On Basie's Bandstand
These previously unissued performances from Count Basie's Lounge in Harlem should be required listening for all jazz organists. The year was 1966, and Holmes' bouncy version of "Misty," recorded a year earlier, was a jukebox hit. But here, the tempos step up a notch, with the organist's trio in dazzling, show-stopping form. The group not only handles the hot tempos without a stumble, it maintains a sense of momentum throughout each performance, too.
Things take off on "Indiana," with Holmes' single lines harmonically leading from phrase to phrase and gathering steam all the way. Guitarist Gene Edwards takes over, and the fleetness and drive continue unabated. Drummer George Randall catches the guitar accents and later trades licks with Holmes before a long turnaround ending. Preach on, brother!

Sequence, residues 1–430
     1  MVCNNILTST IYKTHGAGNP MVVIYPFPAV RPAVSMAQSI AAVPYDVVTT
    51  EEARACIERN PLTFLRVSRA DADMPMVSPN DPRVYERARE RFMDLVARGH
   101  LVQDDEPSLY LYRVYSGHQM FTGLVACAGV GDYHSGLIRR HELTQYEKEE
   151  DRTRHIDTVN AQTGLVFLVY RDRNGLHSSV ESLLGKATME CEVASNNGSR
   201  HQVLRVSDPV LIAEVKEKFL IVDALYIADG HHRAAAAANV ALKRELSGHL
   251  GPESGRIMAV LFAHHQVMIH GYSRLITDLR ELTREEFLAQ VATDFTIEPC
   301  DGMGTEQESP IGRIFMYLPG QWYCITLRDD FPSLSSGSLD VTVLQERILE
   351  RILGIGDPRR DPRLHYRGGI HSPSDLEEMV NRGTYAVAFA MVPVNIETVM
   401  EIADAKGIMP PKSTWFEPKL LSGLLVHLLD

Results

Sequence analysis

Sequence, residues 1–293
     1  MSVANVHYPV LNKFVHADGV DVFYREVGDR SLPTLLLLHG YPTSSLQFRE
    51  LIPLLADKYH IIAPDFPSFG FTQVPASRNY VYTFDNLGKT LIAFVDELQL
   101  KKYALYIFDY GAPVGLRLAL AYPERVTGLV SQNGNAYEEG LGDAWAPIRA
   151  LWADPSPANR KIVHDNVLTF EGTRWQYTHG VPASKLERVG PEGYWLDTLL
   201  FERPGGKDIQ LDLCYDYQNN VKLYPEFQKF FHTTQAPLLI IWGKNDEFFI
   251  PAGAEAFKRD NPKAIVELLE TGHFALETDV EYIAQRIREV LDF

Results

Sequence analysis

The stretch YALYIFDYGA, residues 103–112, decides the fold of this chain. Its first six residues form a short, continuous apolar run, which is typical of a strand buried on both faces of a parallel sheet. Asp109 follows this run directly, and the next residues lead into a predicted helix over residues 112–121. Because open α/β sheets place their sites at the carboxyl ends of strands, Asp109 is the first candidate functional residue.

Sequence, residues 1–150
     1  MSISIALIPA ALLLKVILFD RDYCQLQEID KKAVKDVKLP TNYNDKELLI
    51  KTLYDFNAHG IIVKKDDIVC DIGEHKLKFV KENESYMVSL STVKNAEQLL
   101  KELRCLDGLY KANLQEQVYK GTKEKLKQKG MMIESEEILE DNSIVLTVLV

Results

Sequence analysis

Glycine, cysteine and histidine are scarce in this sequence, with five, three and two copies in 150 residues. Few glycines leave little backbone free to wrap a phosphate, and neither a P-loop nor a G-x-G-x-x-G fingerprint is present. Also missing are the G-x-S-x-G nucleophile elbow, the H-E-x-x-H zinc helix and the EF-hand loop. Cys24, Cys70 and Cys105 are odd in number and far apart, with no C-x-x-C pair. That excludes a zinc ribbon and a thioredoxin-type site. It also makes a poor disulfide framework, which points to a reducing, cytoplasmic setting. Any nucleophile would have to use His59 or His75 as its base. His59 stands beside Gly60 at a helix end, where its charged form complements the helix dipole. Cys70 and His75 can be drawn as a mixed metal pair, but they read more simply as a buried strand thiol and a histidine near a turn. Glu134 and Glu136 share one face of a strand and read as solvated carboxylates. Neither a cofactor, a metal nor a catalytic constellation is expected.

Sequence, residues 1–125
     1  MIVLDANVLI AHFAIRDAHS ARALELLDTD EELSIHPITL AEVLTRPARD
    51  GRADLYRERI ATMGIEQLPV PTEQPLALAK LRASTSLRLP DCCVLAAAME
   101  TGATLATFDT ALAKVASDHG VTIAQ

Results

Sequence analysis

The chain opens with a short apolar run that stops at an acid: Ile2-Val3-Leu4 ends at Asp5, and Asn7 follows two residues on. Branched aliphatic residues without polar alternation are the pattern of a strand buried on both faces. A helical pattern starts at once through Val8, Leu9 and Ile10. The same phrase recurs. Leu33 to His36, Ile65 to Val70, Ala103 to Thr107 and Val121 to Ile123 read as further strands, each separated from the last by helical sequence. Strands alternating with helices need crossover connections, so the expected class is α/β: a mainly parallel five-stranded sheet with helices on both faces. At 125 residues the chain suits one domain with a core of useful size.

A faster than usual "Moanin'" and "When I Grow Too Old to Dream," in a Basie-like 4/4 medium tempo (not the written 3/4), are up next. Perfect. Then comes Coleman Hawkins' "Rifftide" (another potboiler) followed by "This Here," "Nica's Dream" and a short, deliciously rolling "Night Train." This is healing music.
All told, you know this was a regularly working group because of the well-placed ensemble accents, climactic sense of performance and focused sense of rhythm. Randall's backbeat slaps and pops never simply mark time, they always uplift the proceedings. Likewise, Edwards' comping and soloing always sound inspired. And Holmes, who died in 1991, more than lived up to his nickname.